As for (what I think is) the point of your thread as it pertains to me personally....

Who is going to take care of my parents when the end is near...? Quick background....

I have a brother that is sort of a nurse. That is to say he has the degree and passed the exams and is employed by a hospital but he has a slight case of the aspergers (although never formally diagnosed) so he doesn't deal with patients beyond providing them with scheduled medications and filling out paperwork. (I would like to point out though that he is an absolute "mama's boy." He calls his mommy a dozen times a day to talk about what, I have no idea.

I have a sister that is a legit nurse and is back in school again to add whatever other initials after her name.

For the entirety of my adult life, even though I was the first of my siblings to go out on my own (even though I was not the youngest) I have ALWAYS been the one to take care of my parents. When they are sick and SHOULD go to the doctor and they refuse, I literally have to threaten them with dialing 911 to get them to go. (For my mother, there was a time a few years ago when, if I hadn't followed through on that threat and actually called the ambulance, she would no longer be with us).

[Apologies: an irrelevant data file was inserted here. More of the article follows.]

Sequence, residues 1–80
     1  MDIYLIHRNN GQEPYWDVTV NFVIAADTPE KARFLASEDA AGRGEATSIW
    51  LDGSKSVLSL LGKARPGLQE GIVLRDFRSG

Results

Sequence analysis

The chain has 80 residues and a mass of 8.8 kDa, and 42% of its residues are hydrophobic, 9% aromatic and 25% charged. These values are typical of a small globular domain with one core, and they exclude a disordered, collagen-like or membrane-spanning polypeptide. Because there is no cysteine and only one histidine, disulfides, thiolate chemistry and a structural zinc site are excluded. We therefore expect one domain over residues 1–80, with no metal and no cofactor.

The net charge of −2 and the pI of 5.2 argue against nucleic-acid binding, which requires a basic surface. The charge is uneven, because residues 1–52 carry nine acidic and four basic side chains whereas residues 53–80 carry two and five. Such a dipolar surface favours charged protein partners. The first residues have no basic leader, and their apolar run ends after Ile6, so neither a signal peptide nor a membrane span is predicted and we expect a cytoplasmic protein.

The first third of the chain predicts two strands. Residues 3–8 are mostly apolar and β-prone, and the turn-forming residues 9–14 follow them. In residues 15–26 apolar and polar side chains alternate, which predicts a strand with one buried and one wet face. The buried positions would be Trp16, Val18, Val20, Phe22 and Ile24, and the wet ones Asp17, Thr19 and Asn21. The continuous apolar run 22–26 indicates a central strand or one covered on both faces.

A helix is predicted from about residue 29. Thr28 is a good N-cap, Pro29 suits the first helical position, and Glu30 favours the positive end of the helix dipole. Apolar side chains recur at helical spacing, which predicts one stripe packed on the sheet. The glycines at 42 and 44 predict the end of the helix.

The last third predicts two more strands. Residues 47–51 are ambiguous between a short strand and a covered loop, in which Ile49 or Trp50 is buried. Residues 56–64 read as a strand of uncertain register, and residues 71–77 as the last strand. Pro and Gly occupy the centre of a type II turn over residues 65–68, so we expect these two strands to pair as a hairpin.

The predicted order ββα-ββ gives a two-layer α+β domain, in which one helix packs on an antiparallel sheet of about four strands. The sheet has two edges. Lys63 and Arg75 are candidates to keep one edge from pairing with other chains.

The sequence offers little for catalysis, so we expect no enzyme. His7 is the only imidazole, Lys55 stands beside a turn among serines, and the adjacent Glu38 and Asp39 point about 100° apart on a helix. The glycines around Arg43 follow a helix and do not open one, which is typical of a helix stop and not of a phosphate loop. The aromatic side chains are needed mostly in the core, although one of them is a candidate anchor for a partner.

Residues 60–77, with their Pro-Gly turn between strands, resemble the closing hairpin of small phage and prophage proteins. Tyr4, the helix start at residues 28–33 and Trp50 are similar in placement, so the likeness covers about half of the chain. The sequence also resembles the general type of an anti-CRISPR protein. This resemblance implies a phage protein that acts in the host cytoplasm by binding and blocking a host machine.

Beyond the medical type stuff.... I'm the ONLY one that goes to shovel their snow. I'm the ONLY one to mow their lawn. I'm the ONLY one to make some basic repairs to their house and to make sure contractors don't pull anything when it is work that is outside of my comfort zone.

I'm also the ONLY one that hosts Mothers Day or Fathers Day or 4th of July BBQ's. No, I am not being a martyr here. As a matter of fact, if I don't do these things, they don't happen. I don't do it for my siblings.. I do it for my parents (as ungrateful as they are).

I said all that to say this, I told my brother and sister years ago and have consistently maintained that MY work, at some point, will be done. I've carried my parents and this entire family for FOREVER. When it comes time for mom or dad to have the need to move in with someone for that additional amount of care and/or babysitting.... it's on the nurses of the family. I haven't met much resistance yet but I also suspect that's because, at this point in time, it's purely a hypothetical.

Footnote: Of course if/when my siblings bail, my folks will move in with me and I will be pissed about it. (Yeah, there is some 'family history' stuff behind that statement but I've rambled enough... for now).



posted on Jun, 28 2016 @ 08:33 PM
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a reply to: seasonal